Drones start monitoring Dubai traffic

In its quest to be a pioneer in all modern things, Dubai has started deployment of drones to monitor traffic on its roads.

Brigadier Dr Khaled Al Marri, Deputy Director of the General Operations for Communications, said, “The drones will detect congestion during peak times, patrol and make follow-up to ensure that traffic jam reduces.”

Dubai has started deploying drones to monitor traffic on its roads.
Dubai has started deploying drones to monitor traffic on its roads. Photo courtesy: Dubai Police

He added, “The drones are capable of flying and detecting large areas of the emirate, which contributes to providing maximum security, stability and smooth traffic on Dubai roads.”

There are distinct advantages of using drones as there will be fast flow of information to alert the public about traffic incidents such as speeding - through radio or social media. They can also be a vital help in rescue operations during accidents.

Brigadier Al Marri said that in the event of any traffic jam or accidents, the drones can transfer traffic reports directly to the command and control room.

He added, “Actually, the drones are capable of helping in rescue and a lot more of activities such as during disaster.”

Through a Facebook post, Dubai Police said, “Dubai Police have started using drones to capture live broadcast recordings of traffic and major events in the emirate that is relayed to the operations room.”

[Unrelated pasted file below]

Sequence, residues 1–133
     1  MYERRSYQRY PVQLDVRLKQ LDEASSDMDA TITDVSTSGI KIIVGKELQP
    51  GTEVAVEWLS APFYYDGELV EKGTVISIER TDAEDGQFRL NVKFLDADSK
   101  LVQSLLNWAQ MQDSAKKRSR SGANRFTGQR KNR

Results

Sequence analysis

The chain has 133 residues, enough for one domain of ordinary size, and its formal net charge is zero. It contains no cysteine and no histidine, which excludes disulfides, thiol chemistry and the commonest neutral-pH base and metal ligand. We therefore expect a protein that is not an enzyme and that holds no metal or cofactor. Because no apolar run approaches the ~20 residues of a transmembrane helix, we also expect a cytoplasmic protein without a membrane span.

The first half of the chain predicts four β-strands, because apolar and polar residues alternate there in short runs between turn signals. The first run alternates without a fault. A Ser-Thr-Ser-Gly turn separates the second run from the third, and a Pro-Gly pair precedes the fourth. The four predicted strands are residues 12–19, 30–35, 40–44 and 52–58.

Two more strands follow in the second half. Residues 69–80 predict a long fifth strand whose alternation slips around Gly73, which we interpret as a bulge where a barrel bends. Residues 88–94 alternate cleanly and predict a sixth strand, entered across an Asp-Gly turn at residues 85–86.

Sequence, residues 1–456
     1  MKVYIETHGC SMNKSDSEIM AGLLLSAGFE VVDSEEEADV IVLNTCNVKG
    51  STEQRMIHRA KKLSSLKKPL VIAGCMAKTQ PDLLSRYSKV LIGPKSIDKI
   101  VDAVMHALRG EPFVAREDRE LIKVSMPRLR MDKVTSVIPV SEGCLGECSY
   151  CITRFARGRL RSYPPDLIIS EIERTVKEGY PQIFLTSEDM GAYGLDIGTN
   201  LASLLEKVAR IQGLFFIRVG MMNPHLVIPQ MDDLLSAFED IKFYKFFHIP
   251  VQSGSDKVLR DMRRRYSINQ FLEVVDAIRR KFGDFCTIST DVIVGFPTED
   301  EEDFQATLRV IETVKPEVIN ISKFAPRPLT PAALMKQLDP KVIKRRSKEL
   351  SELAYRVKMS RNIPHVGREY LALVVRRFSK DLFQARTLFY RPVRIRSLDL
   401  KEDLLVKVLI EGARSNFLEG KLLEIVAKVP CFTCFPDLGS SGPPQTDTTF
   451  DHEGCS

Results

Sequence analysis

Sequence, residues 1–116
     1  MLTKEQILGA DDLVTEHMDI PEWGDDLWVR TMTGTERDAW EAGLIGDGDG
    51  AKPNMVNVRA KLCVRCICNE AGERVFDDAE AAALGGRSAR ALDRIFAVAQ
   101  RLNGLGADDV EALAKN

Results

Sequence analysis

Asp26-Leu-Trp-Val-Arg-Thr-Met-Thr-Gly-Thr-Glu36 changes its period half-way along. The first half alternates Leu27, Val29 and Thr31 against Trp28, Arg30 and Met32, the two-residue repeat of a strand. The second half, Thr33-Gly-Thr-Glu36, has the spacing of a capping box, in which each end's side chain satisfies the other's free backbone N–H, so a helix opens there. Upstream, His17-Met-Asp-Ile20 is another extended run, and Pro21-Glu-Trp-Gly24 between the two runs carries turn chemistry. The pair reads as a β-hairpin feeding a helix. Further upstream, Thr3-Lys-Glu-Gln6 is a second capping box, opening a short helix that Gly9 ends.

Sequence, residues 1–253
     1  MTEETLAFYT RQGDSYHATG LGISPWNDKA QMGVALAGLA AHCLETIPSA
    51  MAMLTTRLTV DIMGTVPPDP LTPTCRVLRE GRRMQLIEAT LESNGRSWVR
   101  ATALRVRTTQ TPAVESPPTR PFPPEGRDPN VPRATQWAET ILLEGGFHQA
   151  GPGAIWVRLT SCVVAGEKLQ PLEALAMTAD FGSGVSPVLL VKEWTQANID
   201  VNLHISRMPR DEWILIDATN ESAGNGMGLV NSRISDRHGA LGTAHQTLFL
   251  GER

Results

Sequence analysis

There was an exclusive exhibition of drones in Dubai named ‘Unmanned Aerial System Forum’ (UASF) in which drone manufacturers, operators and users participated in large numbers. During the event, speakers highlighted the efficiency of drones asserting that they could reach “where humans would take longer to reach.”

There was also a five-armed camera drone that can be sent to check on a given situation in thick motor traffic and relay feedback. This drone has been named ‘Eagle Eye’.

Author
Ashraf Jamal
Ashraf Jamal – Senior Writer

Ashraf Jamal brings a rare depth to writing equipped with a degree in journalism, a postgraduate degree in political science, and a degree in law from the Allahabad University. His experience includes editing and publishing the Northern India Patrika and writing for Times of India for almost a decade covering just about any topic under the sun including NRIs and Indian diaspora.

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